History lesson: A Paschal teacher who still inspires the Class of ‘69

John Fletcher

“Fletch, if you can locate Dean Cozine and convince him to come here for your class reunion, I’ll pay to fly him here and host a reception to start a scholarship in his honor.” That was the challenge from Mac Churchill, Paschal High School ’67. Moving forward two months, I did not fully know what to expect as I awaited my arriving passenger at Dallas/Fort Worth International Airport on Wednesday, June 18. Dean Cozine, the teacher who inspired so many of my classmates and me at Paschal High School 1963-70, was returning as a guest for our 45th reunion of the Class of 1969. He was also to be guest of honor at a cocktail reception on Friday evening at Mac and Lu Jo Churchill’s home, an event that would launch the Dean Cozine Scholarship Fund to benefit Paschal graduates studying history and government in college. What would I say to the teacher who wove such compelling stories about wars, treaties and dynasties in world history and the pivotal moments that defined our nation in his American history classes? Who described the guiding principles of our country in government and economics classes? Would he be the man I remembered – brilliant, insightful and patient? After 40 years of teaching, what would his demeanor be? I felt at ease within moments of recognizing him. He had a calmness about him that seemed to make everything seem all right. The Dean Cozine return saga began seven years ago when I composed a speech for a client in Port Arthur as sponsor of his local school district’s Teacher of the Year Award. The speech contained a section where the client was to share a specific example of how a teacher from his past had said or done something that truly inspired him. I grew jealous of my client because I wished I could have shared that story about how Cozine at Paschal High School had brought history to life. When he spoke of a war, we could smell the gunpowder and sense the anxiety of the moment. He placed us in the midst of critical moments in history. My favorite episode was his three-day description of the Romanov dynasty in pre-WWI Russia. Rather than casually mention that the family and government were dysfunctional, he invested three days telling the story of Tsar Nicholas, Tsarina Alexandra and their son Alexei, and how a commoner named Gregor Rasputin entered their lives and affected the Russian government. Fast forward to the Friday evening reception, and stories were being told. David Moorman shared how Cozine’s teaching led him to a career in journalism and the position of assistant editor with Texas Monthly. Rick Selcer told how Cozine inspired his love for history, which has led to his teaching history at Weatherford College and Tarrant County College for 40 years. Mac Churchill, who co-hosted the reception, mentioned how Cozine created his desire to study on an international level, which led to his double major in Greek civilization and advertising at the University of Texas. One class member who had not planned to attend the reunion flew in from Atlanta with her husband simply to express how much Cozine had meant to her in her life. Perhaps the most compelling moment occurred when Churchill told of a student whom Cozine caught not giving his best in class. “You are intellectually lazy, and you can do so much better,” the teacher said to the student. This one conversation and following encouragement redefined the student’s trajectory and he began applying himself. Today he is regarded as one of the elite performers in his prestigious profession. He attributes much of his success to Cozine’s caring enough to challenge him and urge him beyond “good enough” to excellence. The most compelling moment took place at the Saturday night Class of ’69 reunion at the Fort Worth Zoo. I caught Cozine standing by himself a couple of times and I invited him to join my date, Rebecca Barksdale, and me at the table. “I appreciate the gesture,” he said, “but I’m just soaking in what a wonderful class you had and how much they meant and still mean to me.” He cared about us back in the ‘60s and he marvels at how his former students are helping shape today’s world. Such is the influence and legacy of Dean Cozine.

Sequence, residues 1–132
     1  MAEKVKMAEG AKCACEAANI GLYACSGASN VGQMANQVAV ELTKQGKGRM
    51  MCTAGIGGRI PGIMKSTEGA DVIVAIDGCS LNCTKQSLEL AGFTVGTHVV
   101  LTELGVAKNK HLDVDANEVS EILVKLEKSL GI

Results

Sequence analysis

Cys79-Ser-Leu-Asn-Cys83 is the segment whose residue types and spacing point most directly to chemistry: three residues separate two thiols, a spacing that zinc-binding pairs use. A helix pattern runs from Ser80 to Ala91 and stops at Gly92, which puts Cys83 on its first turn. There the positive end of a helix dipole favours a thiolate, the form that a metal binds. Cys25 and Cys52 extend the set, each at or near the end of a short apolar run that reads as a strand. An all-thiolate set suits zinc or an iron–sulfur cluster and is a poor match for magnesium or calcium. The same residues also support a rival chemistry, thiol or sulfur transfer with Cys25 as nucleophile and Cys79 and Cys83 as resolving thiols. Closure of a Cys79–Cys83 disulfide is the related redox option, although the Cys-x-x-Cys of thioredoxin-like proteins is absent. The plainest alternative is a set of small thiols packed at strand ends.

John Fletcher is owner and president of Fletcher Consulting. He can be reached at 817-205-2334 or www.thefletch.org.